subway water damage An increase in water damage was one of the few ways in which the "state of the subway platforms" had worsened between 2011 and 2012, in a survey conducted prior to superstorm Sandy. (Photo courtesy of the Straphangers Campaign.)

Transit advocacy group Straphangers Campaign recently released the results of a survey conducted between May 28 and August 10 of last year, analyzing the "state" of 251 subway platforms at 120 stations.

The survey, conducted by 13 interns and staff, found several areas of improvement: the number of garbage bags left on stations was down, as was the number of staircases in disrepair, exposed wires, cracks in the floors, and broken lights.

The platforms scored almost 100 percent on the presence of garbage cans and the absence of overflowing garbage cans.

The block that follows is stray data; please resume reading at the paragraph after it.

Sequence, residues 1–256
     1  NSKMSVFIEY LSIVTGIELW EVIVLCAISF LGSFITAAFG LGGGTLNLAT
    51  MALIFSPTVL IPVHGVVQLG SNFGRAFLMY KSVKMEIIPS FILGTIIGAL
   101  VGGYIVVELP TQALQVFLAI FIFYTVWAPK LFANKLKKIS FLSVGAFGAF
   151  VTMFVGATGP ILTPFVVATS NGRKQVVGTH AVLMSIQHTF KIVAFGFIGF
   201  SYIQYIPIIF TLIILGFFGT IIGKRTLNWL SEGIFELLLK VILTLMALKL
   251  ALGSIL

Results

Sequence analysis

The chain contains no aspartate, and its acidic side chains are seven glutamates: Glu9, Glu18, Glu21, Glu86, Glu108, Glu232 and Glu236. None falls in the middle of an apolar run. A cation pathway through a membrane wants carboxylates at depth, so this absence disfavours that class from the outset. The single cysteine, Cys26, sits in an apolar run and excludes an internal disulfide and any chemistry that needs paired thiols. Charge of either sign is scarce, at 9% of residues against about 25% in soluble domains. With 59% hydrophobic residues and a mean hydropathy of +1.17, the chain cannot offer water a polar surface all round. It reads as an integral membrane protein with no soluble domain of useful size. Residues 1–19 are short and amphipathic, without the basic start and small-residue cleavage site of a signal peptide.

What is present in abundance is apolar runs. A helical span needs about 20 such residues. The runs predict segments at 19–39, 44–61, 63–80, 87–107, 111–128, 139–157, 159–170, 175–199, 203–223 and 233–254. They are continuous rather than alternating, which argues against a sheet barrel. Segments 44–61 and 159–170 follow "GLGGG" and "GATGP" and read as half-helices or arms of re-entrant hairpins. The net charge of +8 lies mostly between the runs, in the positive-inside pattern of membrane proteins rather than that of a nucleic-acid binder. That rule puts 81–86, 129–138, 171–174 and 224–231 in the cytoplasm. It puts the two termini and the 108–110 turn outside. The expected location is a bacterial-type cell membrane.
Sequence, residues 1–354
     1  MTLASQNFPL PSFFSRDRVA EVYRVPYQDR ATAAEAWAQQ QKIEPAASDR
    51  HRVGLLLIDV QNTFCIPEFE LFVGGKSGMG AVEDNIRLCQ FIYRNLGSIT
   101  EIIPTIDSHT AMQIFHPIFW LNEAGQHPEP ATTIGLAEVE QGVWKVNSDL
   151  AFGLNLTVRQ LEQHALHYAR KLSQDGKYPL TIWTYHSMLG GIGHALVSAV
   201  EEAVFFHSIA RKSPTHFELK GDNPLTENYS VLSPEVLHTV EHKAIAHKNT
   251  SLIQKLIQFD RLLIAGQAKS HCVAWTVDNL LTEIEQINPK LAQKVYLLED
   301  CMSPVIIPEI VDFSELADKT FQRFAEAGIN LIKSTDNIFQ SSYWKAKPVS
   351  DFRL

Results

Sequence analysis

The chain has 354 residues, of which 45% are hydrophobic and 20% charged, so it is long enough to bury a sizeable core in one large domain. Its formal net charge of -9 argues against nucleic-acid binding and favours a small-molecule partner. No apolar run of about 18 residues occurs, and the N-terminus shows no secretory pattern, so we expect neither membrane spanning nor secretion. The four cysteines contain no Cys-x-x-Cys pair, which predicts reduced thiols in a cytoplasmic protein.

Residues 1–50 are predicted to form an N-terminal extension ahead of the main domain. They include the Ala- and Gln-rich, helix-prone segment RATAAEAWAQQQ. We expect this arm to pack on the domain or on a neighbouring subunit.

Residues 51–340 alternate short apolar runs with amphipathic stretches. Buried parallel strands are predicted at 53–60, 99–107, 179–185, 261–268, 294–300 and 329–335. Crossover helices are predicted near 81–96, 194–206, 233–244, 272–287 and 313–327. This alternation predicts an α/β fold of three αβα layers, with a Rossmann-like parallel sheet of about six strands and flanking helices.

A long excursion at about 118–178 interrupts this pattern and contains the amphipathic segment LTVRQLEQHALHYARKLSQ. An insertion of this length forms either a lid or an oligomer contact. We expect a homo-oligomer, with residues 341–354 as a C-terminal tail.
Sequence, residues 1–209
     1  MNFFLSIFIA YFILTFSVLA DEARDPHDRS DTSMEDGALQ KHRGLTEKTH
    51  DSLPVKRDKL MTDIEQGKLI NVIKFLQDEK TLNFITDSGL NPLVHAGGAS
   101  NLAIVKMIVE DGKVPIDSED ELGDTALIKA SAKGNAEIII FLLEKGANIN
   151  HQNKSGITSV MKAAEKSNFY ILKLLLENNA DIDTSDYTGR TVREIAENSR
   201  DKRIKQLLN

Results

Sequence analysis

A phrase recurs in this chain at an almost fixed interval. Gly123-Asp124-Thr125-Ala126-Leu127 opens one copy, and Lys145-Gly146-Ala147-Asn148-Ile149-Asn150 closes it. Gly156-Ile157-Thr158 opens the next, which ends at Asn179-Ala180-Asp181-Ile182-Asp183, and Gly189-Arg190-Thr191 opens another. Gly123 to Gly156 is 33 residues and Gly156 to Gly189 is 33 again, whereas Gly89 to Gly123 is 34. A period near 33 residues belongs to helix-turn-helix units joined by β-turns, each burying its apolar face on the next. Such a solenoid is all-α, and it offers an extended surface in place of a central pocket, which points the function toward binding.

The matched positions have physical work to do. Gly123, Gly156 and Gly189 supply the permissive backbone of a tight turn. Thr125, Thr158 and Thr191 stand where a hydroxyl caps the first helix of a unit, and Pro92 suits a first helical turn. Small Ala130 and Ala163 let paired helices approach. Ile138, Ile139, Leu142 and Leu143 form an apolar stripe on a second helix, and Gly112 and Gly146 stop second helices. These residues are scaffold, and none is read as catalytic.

But while those physical conditions were better than or as good as the survey the year before found, the appearance of some platforms had worsened when it came to water damage — well before superstorm Sandy wrecked havoc throughout the subway system.

"Substantial graffiti" was found at 27 percent of all platforms, up from 20 percent in 2011.

The Campaign said the platforms they surveyed were nearly identical to the randomly selected platforms surveyed in the first iteration of the "State of the Subway Platform" in 2011. Surveyors visited the platforms on weekdays between the morning and evening rush hours.

The 251 platforms they looked at made up28 percent of all 909 platforms city-wide.

The survey also found that subway riders have a one in 10 chance of spotting a rat over the course of their commute.

Follow Danielle Tcholakian on Twitter @danielleiat

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